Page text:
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Three High-End Liquid-Cooling Cases Compared

Cooling Performance

All tests were conducted at an ambient temperature of 20.6° Celsius, plus or minus 0.1°.

All three systems provided the same CPU temperature at low fan speed. The Koolance and Zalman pre-configured systems dropped CPU temperatures by one degree at maximum speed, while our own assembly was only designed to run at a single speed.

Because our own assembly was not designed to provide airflow over the memory or chipset, we chose the Antec Spotcool fan from the beginning. This gave our design a significant lead in chipset temperatures, but the same fan could also be added to either of the competing products. The real winner here is Zalman, because the huge side fan of its LQ1000 was capable of cooling the chipset to 39° in near-silence, without requiring additional components.

The primary graphics card ran the hottest in our SBM chassis, since both the Zalman LQ1000 and Koolance PC5-1326SL are designed for better airflow. Koolance has the overall best cooling performance, but at significantly higher noise levels.

The Zalman LQ1000 kept the lower card cooler, which seems strange since the Koolance PC5-1326SL blows its radiator fans directly into the graphics card, and here’s the catch : both graphics temperature charts only show low fan-speed results.

At full fan speed, the Koolance PC5-1326SL dropped temperatures of the second graphics card by over 20°, but provided only around 2° additional cooling to the primary card. The Zalman LQ1000 dropped the temperatures of both cards by around 3°. Any card between the graphics card and radiator will block the down draft of the Koolance radiator fans, so it’s best to simply keep in mind that a temperature drop of somewhat more than 20° will benefit only the uppermost card at maximum fan speed.

  • or buy a cheap case... mod it with a 50 $ dremel... and then add your own watercooling setup and get much better cooling performance...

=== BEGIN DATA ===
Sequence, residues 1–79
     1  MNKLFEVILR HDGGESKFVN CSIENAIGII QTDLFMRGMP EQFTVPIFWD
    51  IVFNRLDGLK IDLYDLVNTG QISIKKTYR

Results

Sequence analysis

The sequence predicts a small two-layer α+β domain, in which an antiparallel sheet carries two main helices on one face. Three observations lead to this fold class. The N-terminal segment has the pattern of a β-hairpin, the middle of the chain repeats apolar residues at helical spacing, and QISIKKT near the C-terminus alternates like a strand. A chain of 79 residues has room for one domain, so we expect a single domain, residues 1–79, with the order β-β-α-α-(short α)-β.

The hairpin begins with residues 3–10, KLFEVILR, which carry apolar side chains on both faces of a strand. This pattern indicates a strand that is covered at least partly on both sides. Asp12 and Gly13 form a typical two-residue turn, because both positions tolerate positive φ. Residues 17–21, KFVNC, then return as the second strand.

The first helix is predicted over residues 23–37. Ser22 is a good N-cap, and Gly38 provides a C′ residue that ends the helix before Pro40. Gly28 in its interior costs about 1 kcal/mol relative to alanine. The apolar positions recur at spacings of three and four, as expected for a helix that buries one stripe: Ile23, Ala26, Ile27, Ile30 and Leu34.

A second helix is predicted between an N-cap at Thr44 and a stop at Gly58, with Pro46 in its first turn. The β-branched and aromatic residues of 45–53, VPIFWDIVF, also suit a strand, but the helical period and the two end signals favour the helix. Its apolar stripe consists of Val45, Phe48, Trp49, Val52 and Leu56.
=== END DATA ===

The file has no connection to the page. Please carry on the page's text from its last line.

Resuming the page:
thats what i'm going to do... not buy some case w/ water cooling.... unless its like a modded lian-li case... but those are like 800 bucks... so no thanks
    Reply
  • nerrawg
    Whoa the 4870 is still a pretty hot one even with that massive Koolance radiator. I wonder if that can be improved using a custom build with 2 separate loops and radiators - would be a bit more hassle though. Also be interesting to see how it compares to a 4870 X2 - my first assumption would be the X2 is hotter but that might not be the case as there could be a larger flow and surface area to allow for more heat dissipation. If your talking W/C for silent running, then custom built systems with big passive radiators (Toyota anyone?) and a good pump or 2 has to be the only true solution. Otherwise you're just running fans like an air cooling rig and the name of the game is still who has the quietest one..
    Reply
  • yadge
    nerrawgWhoa the 4870 is still a pretty hot one even with that massive Koolance radiator. I wonder if that can be improved using a custom build with 2 separate loops and radiators - would be a bit more hassle though. Also be interesting to see how it compares to a 4870 X2 - my first assumption would be the X2 is hotter but that might not be the case as there could be a larger flow and surface area to allow for more heat dissipation. If your talking W/C for silent running, then custom built systems with big passive radiators (Toyota anyone?) and a good pump or 2 has to be the only true solution. Otherwise you're just running fans like an air cooling rig and the name of the game is still who has the quietest one..